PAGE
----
Perceptual consciousness and intensional transitive verbs

Philosophical Studies 180 (12):3301-3322 (2023)
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There is good reason to think that, in every case of perceptual consciousness, there is something of which we are conscious; but there is also good reason to think that, in some cases of perceptual consciousness—for instance, hallucinations—there is nothing of which we are conscious. This paper resolves this inconsistency—which we call the presentation problem—by (a) arguing that ‘conscious of’ and related expressions function as intensional transitive verbs and (b) defending a particular semantic approach to such verbs, on which they have readings that lack direct objects or themes. The paper further argues that this approach serves not only as a linguistic proposal about the semantics of ‘conscious of’, but also as a proposal about the metaphysics of conscious states.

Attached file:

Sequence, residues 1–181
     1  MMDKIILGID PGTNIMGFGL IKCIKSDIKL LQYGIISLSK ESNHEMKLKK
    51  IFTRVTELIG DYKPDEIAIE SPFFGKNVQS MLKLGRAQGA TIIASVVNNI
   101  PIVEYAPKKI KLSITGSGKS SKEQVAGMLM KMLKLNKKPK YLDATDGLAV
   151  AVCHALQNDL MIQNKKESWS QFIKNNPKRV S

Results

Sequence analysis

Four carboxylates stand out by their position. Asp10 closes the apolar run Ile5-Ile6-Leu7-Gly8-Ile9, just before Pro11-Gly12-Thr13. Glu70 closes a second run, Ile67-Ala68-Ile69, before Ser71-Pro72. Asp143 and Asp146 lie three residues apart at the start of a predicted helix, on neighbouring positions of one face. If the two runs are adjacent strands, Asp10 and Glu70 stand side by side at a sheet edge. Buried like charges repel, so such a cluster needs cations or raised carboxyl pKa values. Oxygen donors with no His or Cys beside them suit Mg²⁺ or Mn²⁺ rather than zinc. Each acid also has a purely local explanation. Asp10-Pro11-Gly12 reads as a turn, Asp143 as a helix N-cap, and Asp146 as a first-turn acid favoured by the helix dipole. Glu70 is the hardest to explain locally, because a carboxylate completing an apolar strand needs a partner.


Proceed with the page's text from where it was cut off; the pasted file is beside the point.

Author Profiles

Justin D'Ambrosio
University of St. Andrews
Daniel Stoljar
Australian National University


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